Things were looking good, but this was a very atypical fueling plan for me. The problem with relying on excessive amounts of caffeine and salt is that it puts you in a dangerous place; a place where for no reason, you poop blood at mile 77 as the second place woman runs by. It was very concerning, and I eased up a bit on the pace and focused on taking in more water and less caffeine and salt.

Ruck-A-Chuck Crossing (Photo by Katie DeSplinter

I crossed the river and jogged most of the way up to Green Gate. Another "brilliant" protein and Red Bull cocktail had me on the side of the trail dropping my shorts a few hundred yards outside the aid station. I walked back into the run with Eli, and I started to click off some good miles again. Katie had been telling me that there was no one else ahead of me at aid stations, but I kept reeling in carnage.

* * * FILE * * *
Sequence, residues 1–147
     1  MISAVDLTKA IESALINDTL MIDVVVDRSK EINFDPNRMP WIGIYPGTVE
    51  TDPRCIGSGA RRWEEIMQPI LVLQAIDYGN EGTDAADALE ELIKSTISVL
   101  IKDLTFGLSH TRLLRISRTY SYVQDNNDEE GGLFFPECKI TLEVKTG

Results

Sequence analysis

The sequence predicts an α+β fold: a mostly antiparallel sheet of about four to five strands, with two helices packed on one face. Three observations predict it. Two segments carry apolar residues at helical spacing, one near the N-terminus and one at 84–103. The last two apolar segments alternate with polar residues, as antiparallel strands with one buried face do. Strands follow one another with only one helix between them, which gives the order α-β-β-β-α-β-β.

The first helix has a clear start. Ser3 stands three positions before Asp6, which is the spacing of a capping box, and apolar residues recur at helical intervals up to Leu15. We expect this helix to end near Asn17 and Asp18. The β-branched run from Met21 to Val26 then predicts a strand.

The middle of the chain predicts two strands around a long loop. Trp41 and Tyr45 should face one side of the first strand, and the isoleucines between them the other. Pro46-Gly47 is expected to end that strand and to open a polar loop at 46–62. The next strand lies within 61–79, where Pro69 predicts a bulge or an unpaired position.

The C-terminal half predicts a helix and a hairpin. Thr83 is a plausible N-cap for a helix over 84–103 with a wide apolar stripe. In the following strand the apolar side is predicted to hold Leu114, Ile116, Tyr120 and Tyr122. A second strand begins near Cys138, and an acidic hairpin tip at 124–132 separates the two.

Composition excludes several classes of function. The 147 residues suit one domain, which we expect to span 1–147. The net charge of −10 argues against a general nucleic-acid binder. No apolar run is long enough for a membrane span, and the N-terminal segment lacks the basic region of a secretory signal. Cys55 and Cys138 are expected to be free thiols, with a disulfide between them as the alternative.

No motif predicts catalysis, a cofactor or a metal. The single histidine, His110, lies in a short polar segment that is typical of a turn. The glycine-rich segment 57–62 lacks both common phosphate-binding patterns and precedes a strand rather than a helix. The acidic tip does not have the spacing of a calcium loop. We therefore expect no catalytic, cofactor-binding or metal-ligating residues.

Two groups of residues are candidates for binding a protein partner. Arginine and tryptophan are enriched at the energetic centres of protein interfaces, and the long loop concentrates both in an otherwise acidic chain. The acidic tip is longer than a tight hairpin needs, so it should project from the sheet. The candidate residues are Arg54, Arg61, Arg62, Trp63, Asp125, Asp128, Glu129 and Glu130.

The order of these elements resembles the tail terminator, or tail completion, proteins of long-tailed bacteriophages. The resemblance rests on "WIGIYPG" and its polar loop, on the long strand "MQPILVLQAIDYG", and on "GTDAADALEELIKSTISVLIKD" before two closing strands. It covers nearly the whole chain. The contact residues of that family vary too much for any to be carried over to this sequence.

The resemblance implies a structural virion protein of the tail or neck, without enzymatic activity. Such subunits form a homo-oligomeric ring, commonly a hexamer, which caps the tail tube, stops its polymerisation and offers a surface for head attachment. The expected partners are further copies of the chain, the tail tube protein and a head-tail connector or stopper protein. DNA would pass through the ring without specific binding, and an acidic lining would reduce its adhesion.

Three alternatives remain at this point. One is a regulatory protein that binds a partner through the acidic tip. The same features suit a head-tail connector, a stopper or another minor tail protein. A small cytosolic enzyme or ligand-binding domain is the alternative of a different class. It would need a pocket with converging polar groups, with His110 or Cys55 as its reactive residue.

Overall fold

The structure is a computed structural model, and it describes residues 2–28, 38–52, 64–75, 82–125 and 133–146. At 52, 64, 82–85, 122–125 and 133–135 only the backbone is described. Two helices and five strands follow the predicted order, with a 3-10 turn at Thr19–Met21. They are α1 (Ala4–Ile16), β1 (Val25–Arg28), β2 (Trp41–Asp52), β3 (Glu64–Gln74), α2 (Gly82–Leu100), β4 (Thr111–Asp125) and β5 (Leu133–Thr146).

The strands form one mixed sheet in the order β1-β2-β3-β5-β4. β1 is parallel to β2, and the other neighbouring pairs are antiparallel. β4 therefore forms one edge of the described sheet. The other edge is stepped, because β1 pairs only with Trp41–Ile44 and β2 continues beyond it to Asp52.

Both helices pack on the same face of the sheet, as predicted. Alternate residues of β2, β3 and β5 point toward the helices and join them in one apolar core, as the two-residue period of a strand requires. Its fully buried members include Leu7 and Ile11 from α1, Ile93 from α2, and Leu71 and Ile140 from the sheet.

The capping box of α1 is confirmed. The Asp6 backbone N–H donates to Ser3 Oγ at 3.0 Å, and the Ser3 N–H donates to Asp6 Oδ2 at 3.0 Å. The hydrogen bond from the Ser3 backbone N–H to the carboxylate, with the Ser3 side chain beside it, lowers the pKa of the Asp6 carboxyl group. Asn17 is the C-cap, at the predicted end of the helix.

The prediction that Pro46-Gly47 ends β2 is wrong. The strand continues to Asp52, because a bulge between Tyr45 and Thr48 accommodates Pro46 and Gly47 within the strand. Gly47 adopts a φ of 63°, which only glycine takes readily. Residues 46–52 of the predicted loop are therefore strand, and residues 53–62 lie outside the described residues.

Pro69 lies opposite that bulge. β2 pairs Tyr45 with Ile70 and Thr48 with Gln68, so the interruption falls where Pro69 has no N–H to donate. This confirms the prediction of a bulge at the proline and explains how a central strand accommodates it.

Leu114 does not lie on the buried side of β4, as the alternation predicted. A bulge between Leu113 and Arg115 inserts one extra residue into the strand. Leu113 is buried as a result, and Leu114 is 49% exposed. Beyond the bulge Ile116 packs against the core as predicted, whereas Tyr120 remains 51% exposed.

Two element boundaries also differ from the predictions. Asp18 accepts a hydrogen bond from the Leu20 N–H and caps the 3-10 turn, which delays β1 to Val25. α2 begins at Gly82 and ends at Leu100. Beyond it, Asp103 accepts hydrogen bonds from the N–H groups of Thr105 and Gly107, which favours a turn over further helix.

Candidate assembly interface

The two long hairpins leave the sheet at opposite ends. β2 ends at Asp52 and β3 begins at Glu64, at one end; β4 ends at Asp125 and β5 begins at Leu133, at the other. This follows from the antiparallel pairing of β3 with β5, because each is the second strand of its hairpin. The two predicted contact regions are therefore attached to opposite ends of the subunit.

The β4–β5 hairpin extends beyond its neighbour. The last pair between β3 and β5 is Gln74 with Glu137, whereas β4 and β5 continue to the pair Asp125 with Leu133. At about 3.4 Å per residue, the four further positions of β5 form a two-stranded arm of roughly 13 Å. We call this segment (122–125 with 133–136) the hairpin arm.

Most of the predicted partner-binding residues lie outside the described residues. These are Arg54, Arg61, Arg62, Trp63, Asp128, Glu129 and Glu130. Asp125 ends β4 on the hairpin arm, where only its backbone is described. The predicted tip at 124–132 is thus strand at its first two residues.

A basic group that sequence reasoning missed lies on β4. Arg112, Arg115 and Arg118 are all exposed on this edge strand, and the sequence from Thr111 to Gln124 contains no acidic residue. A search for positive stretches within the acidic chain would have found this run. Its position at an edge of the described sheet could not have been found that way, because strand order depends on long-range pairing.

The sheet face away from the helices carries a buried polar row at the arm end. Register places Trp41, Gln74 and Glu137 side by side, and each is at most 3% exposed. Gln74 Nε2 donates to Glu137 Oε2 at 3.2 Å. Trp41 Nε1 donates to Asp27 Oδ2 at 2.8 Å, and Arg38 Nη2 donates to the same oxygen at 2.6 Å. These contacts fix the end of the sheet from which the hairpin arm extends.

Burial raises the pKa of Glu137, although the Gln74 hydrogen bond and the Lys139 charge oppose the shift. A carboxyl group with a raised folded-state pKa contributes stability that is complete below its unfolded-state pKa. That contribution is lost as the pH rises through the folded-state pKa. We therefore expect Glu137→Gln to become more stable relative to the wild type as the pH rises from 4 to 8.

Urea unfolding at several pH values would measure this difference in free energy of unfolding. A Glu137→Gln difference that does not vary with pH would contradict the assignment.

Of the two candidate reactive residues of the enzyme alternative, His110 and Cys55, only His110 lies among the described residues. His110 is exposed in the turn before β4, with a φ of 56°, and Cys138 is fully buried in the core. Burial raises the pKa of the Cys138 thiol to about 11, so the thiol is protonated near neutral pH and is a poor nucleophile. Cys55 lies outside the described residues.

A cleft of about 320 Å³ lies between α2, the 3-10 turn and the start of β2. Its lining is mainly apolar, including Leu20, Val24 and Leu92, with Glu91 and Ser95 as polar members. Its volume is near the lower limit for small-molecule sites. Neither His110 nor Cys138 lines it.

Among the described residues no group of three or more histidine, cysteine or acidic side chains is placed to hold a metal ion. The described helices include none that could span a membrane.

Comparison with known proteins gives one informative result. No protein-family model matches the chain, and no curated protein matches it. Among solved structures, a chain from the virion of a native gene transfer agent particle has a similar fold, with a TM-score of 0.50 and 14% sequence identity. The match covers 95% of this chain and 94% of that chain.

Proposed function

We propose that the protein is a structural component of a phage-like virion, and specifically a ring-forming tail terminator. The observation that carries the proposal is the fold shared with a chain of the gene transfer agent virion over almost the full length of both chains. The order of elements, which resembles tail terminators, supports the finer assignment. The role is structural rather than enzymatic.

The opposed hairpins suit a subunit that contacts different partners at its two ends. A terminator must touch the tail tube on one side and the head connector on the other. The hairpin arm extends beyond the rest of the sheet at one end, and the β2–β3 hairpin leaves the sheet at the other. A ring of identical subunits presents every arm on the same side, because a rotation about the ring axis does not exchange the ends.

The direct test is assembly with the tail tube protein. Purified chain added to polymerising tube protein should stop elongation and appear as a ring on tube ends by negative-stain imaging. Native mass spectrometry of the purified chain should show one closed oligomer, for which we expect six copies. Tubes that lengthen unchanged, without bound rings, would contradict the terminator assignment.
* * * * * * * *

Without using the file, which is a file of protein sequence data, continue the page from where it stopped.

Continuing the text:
Green Gate (Photo by Katie DeSplinter)

I think of Green Gate to Hwy 49 as a slightly more technical version of Cal Street (which is not really technical). My body was tense trying to get as many miles in before sunset, and my knee started to tighten up too much forcing me to walk a few steps every quarter mile. Another bathroom break at dusk, left me vulnerable to the surprise passing by Scott Wolfe again around mile 88. This was not going to be an easy fight. Eli and I rolled into Brown's Bar just a minute behind Scott and another runner, and before I could ask Hal Koerner where his red dress was, he was yelling "WHAT ARE YOU DOING HERE? GO CATCH THEM!" I gave a quick hand salute, gulped down some Coke and took off out of control reeling in the first runner and then tumbling onto the Quarry Road with no sign of Scott.